My topic ought to be “Reining in the tests” but who wants to read about more tests? I am afraid we are reaching a saturation point on this topic. Like the squabbles between Ted Cruz and Donald Trump, many Americans reach for the remote now when testing comes to the forefront. Like death, taxes, politics and other forever-topics that somehow never seem to come out right, testing has become a quiet thrum in the background of daily life, one that sounds faintly unpleasant and spurs a desire for distraction.
The testing octopus has long, sticky tentacles wrapped around students and teachers, but our students and teachers have been trussed up in those tentacles for so long that the drama of their capture is now old news. Old news in America too often becomes non-news. We are outraged at the lead levels in Flint, Michigan right now. Will we be as outraged in a few years when the long-term effects of those lead levels begin to impact our schools? Americans today are barraged with bad news. We grapple with Flint, Iran, major storms, terrorist bombings, college costs, Ebola outbreaks, global warming, an erratic stock market and suspicious Chinese puppy treats, part of the nonstop feed from our phones and computers that dulls normal reactions to real problems. Humans are only build to sustain so much outrage for so long. Then we tend to look for the chocolate stash and check the DVR.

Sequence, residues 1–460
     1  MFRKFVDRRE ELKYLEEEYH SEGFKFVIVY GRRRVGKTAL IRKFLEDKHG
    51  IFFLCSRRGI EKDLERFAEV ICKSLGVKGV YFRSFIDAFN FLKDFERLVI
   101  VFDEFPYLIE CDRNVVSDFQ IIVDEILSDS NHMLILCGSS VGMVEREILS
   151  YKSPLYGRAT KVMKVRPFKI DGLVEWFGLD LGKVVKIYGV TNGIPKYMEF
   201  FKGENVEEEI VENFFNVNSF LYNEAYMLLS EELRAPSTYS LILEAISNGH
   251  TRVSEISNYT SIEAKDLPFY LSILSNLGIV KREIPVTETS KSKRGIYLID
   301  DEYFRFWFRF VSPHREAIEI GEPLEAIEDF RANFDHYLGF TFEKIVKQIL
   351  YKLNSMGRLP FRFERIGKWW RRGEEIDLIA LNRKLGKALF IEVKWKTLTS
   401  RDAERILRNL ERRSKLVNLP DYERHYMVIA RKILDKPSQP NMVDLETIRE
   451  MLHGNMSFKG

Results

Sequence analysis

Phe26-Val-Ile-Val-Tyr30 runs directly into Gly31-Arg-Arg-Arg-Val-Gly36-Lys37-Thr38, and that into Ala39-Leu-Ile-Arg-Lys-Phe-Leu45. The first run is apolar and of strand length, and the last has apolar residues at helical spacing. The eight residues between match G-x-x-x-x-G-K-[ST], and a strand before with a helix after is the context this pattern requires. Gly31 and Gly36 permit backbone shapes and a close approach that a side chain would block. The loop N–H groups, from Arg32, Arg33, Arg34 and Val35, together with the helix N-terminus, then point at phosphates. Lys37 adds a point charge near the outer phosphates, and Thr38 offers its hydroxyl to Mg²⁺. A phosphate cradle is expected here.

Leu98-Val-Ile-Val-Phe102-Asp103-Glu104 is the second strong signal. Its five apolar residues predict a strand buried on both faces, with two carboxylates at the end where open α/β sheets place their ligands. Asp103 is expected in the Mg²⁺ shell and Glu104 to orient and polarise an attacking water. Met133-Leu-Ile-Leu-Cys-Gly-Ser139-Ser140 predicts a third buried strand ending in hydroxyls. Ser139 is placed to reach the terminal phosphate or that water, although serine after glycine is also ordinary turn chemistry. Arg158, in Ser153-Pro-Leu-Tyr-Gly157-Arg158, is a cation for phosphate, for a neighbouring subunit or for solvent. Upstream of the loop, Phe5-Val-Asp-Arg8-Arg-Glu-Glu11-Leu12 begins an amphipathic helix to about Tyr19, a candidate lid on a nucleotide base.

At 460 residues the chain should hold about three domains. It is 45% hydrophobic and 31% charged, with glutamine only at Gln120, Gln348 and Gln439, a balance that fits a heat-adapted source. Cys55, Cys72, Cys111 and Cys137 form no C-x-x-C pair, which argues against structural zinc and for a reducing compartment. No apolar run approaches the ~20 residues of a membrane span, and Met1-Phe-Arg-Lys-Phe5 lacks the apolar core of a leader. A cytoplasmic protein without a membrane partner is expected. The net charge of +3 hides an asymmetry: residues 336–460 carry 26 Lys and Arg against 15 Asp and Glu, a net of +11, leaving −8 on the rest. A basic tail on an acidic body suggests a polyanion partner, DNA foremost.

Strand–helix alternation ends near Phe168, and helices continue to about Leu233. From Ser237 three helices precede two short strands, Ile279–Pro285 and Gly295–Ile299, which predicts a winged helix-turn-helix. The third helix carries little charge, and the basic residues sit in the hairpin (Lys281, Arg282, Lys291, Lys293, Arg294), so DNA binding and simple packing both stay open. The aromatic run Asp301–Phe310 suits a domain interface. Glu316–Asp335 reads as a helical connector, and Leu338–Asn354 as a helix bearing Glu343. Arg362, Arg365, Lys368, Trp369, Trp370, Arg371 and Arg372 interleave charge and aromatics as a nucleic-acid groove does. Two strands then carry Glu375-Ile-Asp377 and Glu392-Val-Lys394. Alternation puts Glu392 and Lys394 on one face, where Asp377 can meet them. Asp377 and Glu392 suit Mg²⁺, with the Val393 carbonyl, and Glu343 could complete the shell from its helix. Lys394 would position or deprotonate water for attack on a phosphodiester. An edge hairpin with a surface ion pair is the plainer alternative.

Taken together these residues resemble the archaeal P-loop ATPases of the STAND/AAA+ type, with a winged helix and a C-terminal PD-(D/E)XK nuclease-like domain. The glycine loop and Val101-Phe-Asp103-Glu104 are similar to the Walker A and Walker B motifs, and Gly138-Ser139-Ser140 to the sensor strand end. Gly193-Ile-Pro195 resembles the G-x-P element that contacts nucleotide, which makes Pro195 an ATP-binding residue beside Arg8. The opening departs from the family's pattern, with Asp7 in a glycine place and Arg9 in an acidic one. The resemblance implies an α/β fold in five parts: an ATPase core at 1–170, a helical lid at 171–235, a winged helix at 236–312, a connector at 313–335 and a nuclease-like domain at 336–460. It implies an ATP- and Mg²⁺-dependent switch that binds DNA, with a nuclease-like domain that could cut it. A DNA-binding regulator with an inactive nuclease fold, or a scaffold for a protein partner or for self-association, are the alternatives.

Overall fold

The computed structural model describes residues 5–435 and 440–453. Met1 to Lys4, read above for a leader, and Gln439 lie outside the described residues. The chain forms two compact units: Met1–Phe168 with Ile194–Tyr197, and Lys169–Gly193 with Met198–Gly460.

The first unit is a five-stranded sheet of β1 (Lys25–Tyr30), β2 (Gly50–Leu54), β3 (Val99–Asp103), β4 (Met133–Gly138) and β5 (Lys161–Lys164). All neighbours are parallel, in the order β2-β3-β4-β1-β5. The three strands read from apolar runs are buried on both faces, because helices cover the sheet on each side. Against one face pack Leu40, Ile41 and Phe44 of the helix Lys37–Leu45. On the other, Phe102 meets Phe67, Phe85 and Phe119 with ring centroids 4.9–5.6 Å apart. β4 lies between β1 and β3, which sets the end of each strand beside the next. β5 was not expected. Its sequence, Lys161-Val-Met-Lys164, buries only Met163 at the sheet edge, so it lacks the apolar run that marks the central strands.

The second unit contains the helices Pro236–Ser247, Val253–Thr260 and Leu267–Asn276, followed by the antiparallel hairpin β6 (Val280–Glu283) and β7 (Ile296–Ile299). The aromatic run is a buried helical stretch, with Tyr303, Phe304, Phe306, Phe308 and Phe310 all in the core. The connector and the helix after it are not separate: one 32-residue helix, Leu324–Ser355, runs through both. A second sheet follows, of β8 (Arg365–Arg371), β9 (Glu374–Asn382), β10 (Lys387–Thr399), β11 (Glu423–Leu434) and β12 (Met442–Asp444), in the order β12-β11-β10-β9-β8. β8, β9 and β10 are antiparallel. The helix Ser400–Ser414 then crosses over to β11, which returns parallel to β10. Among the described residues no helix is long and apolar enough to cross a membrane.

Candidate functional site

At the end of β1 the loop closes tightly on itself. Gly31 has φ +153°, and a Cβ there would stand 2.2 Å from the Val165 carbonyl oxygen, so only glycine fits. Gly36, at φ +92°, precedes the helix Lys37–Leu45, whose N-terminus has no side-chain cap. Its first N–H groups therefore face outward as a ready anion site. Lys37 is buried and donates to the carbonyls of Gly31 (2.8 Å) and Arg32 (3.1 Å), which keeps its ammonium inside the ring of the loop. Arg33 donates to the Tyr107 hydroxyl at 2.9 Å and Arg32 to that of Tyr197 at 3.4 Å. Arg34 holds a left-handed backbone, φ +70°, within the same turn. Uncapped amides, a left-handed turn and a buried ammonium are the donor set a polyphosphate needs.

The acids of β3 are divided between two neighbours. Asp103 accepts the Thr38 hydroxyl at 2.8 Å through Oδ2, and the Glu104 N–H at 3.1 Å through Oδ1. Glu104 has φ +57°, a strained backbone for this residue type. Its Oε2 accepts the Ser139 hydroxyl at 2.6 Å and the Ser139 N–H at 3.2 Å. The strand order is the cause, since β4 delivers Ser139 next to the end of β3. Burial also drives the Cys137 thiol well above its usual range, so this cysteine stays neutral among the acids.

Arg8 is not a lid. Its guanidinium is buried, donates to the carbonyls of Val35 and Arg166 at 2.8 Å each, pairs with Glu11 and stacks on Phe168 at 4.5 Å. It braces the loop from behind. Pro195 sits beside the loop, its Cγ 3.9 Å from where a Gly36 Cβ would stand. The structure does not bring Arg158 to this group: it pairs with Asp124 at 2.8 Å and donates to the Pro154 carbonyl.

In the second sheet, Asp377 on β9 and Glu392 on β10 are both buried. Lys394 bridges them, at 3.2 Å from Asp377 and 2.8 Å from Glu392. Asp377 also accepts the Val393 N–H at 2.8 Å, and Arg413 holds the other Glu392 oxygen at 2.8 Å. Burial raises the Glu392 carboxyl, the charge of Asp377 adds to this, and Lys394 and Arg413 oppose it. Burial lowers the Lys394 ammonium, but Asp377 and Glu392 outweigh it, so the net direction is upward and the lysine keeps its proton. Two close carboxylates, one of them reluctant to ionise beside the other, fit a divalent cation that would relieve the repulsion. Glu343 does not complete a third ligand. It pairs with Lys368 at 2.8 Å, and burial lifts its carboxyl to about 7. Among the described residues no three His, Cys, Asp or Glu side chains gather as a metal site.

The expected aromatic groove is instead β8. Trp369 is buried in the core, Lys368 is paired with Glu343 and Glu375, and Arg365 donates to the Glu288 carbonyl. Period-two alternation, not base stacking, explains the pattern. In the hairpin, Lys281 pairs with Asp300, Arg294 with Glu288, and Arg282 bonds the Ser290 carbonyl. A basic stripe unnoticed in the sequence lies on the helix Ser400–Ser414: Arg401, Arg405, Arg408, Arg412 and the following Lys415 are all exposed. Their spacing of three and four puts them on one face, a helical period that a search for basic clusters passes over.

Nevertheless, I feel I must wade into this topic one more time. We need to cap total testing days. Total testing days now border on absurd. Government requirements vary from state to state, but any requirements that result in more than a week of standardized and benchmark testing should be adapted or repealed.
School demands for assessment have gone over-the-top as well. How much time are we using when administrators demand weekly quizzes to produce student-tracking data? My last year provided the perfect example. If I include the math unit tests written by a now-bankrupt, outside consulting firm — a firm that my school was required to hire as part of a government grant — and throw in the weekly math quizzes designed by the math department (with only minor input on my part) tailored to those unit tests, standardized and benchmark tests, the total percentage of time my students spent testing comes in around a staggering 20% in my poor, under-instructed math classes. I also had to give extra quizzes or assessments beyond those required each week since grades were based 100% on tests, quizzes and assessments. Those extra quizzes were designed to keep grades above failing levels, a necessity in classes where the average East-Coast-written unit test was pitched three or more years above almost all students documented, academic levels.
To those of you out there who are taking on the Testing Monster, please keep fighting. This has to stop. We must assess student progress, but I believe teachers should be pointing out the opportunity costs from testing time. Every assessment, necessary or not, represents one more missed teaching opportunity.